The early 1990’s saw the ushering in of a new era of forensic science and with it, the mobilization and creation of Scientific Working Groups (SWGs). The specialized groups are organized by discipline to further advance each one as well as to develop standards among the disciplines. In 2014, the SWGs came together under the leadership of NIST Organization for Scientific Area Committees (OSAC).
Scientific Working Groups cover a wide range of disciplines. The Forensic Science Standards Board (FSSB) is the overarching governing body. Under this, there are five broad fields: Biology/DNA, Chemistry/Instrumental Analysis, Physics/Pattern Interpretation, Crime Scene/ Death Investigation, abd Digital/Multimedia. These are then further broken down into the individual SWGs for each discipline. There is one for DNA Analysis (SWGDAM), Toxicology (SWGTOX), Firearms and Toolmarks (SWGGUN), and Bloodstain Pattern Analysis (SWGSTAIN). There are also disciplines that deal with lesser-known areas such as Digital Evidence (SWGDE), Disaster Victim Identification (SWGDVI), and Questioned Documents (SWGDOC). These are only some of the many groups that have organized in the past twenty or so years.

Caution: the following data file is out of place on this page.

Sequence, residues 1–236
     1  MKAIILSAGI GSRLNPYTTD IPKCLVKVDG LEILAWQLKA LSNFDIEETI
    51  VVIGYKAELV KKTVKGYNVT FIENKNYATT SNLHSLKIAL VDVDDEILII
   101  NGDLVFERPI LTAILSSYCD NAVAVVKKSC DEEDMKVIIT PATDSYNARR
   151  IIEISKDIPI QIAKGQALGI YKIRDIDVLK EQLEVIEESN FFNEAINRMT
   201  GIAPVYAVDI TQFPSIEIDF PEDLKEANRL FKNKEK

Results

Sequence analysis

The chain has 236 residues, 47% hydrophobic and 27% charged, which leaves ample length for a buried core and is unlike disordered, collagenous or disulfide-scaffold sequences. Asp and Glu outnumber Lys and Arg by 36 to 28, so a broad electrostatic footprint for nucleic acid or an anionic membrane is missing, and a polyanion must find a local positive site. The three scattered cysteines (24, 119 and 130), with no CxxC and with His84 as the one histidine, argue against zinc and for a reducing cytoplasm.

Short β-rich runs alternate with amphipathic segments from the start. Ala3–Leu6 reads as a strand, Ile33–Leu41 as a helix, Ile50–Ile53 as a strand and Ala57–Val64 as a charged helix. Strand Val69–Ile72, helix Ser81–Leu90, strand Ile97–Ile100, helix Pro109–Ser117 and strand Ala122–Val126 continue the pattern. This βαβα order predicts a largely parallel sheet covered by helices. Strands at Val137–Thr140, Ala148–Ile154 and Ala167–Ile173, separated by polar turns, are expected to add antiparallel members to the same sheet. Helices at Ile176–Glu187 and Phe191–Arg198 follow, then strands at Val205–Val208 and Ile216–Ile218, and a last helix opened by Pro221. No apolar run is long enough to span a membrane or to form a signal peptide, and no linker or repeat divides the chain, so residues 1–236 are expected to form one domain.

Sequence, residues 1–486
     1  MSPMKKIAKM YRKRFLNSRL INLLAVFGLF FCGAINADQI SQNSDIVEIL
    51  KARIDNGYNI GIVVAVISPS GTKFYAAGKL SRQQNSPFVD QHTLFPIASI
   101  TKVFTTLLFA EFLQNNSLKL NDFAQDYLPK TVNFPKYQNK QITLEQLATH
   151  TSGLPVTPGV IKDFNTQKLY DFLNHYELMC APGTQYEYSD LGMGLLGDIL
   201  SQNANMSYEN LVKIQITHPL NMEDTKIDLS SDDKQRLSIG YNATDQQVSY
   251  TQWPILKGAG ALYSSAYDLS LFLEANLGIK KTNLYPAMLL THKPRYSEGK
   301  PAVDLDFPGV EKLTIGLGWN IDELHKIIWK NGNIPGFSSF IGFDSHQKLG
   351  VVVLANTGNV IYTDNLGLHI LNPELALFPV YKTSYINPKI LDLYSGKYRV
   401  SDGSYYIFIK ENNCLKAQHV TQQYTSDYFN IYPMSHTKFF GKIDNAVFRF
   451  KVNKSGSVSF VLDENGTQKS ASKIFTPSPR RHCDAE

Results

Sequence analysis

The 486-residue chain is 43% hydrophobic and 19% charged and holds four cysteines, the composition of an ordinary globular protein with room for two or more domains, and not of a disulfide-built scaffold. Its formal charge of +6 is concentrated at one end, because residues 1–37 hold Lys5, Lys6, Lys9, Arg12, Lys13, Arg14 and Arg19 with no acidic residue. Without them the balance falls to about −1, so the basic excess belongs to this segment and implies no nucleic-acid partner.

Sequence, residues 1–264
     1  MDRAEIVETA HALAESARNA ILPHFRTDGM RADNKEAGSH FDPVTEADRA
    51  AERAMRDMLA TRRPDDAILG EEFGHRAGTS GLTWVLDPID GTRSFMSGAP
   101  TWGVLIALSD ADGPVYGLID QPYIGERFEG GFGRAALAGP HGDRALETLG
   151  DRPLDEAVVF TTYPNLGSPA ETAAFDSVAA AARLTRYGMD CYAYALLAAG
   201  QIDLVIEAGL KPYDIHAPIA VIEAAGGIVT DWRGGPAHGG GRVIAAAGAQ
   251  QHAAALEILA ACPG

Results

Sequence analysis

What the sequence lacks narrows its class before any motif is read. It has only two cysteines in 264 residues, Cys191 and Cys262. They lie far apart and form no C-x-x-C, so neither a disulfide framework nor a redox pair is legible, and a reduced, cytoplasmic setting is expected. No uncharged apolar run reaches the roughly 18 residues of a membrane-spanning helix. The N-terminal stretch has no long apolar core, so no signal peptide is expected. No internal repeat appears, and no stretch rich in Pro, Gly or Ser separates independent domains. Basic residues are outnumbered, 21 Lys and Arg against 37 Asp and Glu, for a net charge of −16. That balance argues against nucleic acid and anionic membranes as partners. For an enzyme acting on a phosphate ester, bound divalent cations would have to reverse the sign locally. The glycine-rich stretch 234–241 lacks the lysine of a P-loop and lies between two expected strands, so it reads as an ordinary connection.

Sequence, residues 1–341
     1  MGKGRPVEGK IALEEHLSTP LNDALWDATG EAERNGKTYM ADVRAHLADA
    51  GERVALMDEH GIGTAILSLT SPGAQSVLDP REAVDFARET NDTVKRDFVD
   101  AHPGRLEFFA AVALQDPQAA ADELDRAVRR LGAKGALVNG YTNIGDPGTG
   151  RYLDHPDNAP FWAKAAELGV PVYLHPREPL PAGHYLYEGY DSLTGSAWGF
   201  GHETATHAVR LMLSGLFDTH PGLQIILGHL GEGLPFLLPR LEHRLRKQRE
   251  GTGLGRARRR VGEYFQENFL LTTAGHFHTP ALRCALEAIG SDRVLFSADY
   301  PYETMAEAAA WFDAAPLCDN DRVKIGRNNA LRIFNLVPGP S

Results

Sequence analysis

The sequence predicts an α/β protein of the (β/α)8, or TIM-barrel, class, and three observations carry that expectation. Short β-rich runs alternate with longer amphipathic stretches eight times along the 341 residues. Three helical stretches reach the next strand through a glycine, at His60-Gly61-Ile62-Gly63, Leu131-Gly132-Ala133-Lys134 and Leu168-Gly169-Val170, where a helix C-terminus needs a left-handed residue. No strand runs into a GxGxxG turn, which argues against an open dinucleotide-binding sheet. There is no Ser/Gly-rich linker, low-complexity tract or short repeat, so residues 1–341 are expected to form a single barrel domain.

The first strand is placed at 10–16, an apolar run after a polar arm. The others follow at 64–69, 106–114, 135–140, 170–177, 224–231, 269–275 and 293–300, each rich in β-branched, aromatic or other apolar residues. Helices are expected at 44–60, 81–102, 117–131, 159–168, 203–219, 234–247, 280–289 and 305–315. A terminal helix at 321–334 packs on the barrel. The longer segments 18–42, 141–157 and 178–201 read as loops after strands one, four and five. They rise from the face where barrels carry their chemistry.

The SWGs are made up of scientists and other experts working within the field in question. Together, they work to further the research and the techniques and tools in their subject matter. The FSSB works with the Human Factors Committee, Quality infrastructure Committee, and Legal Resource Committee. They work to establish standard by which the SWGs operate and most importantly, to strengthen forensic science. While a few of the SWGs only have American members, most are international.
Forensic Summary by Gina Gallucci